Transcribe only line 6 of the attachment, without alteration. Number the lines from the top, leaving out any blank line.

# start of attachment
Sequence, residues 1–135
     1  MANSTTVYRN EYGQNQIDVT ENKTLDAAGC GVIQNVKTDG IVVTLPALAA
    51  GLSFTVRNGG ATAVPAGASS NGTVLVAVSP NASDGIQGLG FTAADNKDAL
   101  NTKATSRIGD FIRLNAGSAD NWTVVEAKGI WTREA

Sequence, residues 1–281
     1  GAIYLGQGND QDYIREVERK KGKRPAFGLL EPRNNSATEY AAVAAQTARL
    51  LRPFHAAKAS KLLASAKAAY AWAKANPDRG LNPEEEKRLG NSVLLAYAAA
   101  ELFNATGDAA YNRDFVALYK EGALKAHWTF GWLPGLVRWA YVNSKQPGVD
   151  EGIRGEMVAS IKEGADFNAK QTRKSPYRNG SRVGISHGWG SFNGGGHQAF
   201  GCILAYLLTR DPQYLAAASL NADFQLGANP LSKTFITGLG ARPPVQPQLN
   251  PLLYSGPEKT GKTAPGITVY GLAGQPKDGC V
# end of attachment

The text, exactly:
     1  GAIYLGQGND QDYIREVERK KGKRPAFGLL EPRNNSATEY AAVAAQTARL